3) If you were to read The Symposium, I’d recommend reading only that part about Achilles which I’ll leave at the end of this post, and what Socrates and Diotima say. And as a plus you could go to the very end and read how Socrates’ boyfriend Alcibiades roasts him, compares him to a satyr, and then says his words always had and still have a great influence in him so he wouldn’t want him dead (peak romance).

    4) If you like ancient philosophy do yourself a favor and read about Diotima. Men from this time should’ve just shut up, listen to her, and drink their respect women juice cause the things Pausanias said could have been prevented if they had (like seriously, skip his part, he basically says that man-man soulmates are better than man-woman and woman-woman cause women are stupid, like…….. this is why Darwin was like that huh?)


    And now I bring to you, Achilles was a bottom and a twink:


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    As you can see, they said lover/beloved and not top/bottom and even tho at the time they were like "yeah the younger man who wants to be virtuous and good is the beloved and the older man who’s already virtuous and good is the lover” we needn’t use it that way now! You can totally bring it back if you like it :) It sounds really DA.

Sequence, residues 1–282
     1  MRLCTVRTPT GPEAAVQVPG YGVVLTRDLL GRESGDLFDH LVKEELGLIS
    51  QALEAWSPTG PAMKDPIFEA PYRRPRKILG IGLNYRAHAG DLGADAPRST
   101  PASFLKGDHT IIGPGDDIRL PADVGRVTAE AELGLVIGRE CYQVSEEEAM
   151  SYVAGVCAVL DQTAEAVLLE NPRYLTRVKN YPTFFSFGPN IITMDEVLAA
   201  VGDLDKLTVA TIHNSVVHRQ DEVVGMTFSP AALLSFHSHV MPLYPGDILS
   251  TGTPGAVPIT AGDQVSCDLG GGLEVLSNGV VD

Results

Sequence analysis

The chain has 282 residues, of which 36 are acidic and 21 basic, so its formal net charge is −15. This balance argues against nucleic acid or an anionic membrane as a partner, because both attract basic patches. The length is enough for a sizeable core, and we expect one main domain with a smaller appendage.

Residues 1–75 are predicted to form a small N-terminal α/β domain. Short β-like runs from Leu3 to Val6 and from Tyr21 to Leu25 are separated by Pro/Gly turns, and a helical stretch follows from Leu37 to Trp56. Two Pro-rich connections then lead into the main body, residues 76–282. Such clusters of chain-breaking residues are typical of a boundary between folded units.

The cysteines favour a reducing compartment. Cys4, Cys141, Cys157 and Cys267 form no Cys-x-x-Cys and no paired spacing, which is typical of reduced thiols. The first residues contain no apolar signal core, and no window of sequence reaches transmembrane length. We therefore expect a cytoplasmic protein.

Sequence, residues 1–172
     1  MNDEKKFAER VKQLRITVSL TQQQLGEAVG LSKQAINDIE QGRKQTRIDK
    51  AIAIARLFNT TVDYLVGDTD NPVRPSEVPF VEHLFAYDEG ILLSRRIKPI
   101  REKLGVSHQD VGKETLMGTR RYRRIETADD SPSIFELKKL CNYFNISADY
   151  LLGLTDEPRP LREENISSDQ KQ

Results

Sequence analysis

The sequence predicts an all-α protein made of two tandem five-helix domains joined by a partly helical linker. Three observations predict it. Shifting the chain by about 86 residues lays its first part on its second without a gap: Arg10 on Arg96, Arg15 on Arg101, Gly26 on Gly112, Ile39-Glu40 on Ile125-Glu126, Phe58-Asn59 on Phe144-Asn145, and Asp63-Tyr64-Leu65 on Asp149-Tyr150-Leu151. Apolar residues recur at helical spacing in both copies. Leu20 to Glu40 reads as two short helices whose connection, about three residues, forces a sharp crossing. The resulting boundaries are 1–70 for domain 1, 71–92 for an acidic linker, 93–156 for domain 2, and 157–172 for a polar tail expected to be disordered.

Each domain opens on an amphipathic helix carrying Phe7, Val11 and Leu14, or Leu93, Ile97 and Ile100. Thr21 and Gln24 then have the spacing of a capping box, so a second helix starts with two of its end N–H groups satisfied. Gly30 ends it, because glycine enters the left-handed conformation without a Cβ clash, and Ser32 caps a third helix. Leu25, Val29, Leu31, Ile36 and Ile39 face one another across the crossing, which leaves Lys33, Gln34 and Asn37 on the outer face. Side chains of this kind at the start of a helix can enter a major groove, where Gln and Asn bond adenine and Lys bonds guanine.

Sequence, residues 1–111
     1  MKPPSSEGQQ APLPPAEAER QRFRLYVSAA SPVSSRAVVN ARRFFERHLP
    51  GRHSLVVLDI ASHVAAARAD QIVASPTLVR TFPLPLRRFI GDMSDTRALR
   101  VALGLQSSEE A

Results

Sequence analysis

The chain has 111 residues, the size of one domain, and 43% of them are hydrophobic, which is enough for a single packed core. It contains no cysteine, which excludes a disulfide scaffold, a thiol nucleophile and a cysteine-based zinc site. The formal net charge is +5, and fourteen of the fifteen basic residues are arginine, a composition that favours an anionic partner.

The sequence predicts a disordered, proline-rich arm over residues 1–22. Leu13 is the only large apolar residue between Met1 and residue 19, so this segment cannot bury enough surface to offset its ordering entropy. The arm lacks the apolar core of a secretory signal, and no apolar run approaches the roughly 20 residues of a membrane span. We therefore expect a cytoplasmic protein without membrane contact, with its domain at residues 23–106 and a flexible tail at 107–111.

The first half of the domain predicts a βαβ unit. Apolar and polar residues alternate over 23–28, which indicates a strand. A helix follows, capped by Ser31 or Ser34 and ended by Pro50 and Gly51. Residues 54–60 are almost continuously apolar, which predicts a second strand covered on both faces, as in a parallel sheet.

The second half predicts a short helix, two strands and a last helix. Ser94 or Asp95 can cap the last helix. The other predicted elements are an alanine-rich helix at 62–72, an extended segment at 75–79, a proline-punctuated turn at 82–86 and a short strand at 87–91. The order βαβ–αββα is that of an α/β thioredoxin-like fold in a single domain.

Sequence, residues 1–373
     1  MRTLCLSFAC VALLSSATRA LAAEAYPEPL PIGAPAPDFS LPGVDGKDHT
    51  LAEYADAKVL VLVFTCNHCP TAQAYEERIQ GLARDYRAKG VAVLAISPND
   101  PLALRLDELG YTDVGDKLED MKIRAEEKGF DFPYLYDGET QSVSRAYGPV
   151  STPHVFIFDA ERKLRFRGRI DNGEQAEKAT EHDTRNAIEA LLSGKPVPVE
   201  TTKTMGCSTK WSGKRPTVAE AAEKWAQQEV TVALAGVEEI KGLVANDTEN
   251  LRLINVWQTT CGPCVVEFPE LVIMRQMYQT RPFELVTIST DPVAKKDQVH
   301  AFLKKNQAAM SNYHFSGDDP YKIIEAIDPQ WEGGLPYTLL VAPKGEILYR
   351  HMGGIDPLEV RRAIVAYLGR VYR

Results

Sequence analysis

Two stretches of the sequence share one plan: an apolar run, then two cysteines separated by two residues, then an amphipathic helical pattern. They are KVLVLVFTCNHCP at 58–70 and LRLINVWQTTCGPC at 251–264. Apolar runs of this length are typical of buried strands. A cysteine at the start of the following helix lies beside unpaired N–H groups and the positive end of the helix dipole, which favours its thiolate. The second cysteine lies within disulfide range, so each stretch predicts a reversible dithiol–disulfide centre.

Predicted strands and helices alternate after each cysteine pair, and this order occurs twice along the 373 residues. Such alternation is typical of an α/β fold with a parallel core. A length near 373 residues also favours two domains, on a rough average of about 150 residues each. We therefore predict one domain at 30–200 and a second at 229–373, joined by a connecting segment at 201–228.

The fact that Plato went out of his way just to clarify this… he literally has 0 opinions about everything else in that book, he’s just writing down what they say, but the second they imply something wrong about his otp he’s like parenthesis you’re wrong close parenthesis.

    I’d do that tbh. Also if you wanna know more about Alcibiades and how he calls Socrates a satyrface but don’t wanna read the book dm me and I’ll send screenshots likely followed by very strong opinions on said screenshots.

    Stan Diotima and have a good day!

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  • Always, from my first remembrance, whether he rode, or walked, or ran, or stood talking in the street, as far as I could see him I knew him apart from all other men; nor was it possible, in the darkest night, to mistake another’s hand for his.

    — Mary Renault, “The Last of the Wine”